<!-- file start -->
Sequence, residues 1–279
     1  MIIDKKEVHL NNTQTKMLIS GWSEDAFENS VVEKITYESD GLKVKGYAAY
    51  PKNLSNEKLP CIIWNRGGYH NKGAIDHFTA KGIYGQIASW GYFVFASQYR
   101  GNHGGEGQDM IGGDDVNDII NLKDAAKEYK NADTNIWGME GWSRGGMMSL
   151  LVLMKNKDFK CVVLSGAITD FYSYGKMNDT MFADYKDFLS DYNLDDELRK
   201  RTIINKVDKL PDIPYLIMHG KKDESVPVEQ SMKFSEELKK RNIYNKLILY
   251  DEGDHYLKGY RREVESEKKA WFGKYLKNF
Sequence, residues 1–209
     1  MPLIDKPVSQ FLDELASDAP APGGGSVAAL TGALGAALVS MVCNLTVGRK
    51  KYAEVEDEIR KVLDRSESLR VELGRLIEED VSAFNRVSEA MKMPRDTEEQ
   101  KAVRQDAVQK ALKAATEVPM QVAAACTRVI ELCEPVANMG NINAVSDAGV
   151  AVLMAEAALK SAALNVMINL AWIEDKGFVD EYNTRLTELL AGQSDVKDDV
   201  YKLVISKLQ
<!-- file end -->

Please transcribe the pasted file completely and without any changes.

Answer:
Sequence, residues 1–279
     1  MIIDKKEVHL NNTQTKMLIS GWSEDAFENS VVEKITYESD GLKVKGYAAY
    51  PKNLSNEKLP CIIWNRGGYH NKGAIDHFTA KGIYGQIASW GYFVFASQYR
   101  GNHGGEGQDM IGGDDVNDII NLKDAAKEYK NADTNIWGME GWSRGGMMSL
   151  LVLMKNKDFK CVVLSGAITD FYSYGKMNDT MFADYKDFLS DYNLDDELRK
   201  RTIINKVDKL PDIPYLIMHG KKDESVPVEQ SMKFSEELKK RNIYNKLILY
   251  DEGDHYLKGY RREVESEKKA WFGKYLKNF
Sequence, residues 1–209
     1  MPLIDKPVSQ FLDELASDAP APGGGSVAAL TGALGAALVS MVCNLTVGRK
    51  KYAEVEDEIR KVLDRSESLR VELGRLIEED VSAFNRVSEA MKMPRDTEEQ
   101  KAVRQDAVQK ALKAATEVPM QVAAACTRVI ELCEPVANMG NINAVSDAGV
   151  AVLMAEAALK SAALNVMINL AWIEDKGFVD EYNTRLTELL AGQSDVKDDV
   201  YKLVISKLQ